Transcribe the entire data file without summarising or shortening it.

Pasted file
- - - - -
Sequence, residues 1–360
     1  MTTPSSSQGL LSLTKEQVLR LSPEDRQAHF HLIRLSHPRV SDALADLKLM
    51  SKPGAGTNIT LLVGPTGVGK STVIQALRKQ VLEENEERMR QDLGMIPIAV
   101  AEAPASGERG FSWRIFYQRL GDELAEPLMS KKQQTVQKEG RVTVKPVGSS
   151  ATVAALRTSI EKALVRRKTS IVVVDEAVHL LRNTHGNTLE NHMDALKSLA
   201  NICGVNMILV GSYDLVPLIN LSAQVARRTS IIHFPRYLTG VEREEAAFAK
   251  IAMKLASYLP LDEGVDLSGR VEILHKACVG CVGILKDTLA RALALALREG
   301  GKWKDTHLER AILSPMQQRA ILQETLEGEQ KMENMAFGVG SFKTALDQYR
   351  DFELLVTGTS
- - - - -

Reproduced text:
Sequence, residues 1–360
     1  MTTPSSSQGL LSLTKEQVLR LSPEDRQAHF HLIRLSHPRV SDALADLKLM
    51  SKPGAGTNIT LLVGPTGVGK STVIQALRKQ VLEENEERMR QDLGMIPIAV
   101  AEAPASGERG FSWRIFYQRL GDELAEPLMS KKQQTVQKEG RVTVKPVGSS
   151  ATVAALRTSI EKALVRRKTS IVVVDEAVHL LRNTHGNTLE NHMDALKSLA
   201  NICGVNMILV GSYDLVPLIN LSAQVARRTS IIHFPRYLTG VEREEAAFAK
   251  IAMKLASYLP LDEGVDLSGR VEILHKACVG CVGILKDTLA RALALALREG
   301  GKWKDTHLER AILSPMQQRA ILQETLEGEQ KMENMAFGVG SFKTALDQYR
   351  DFELLVTGTS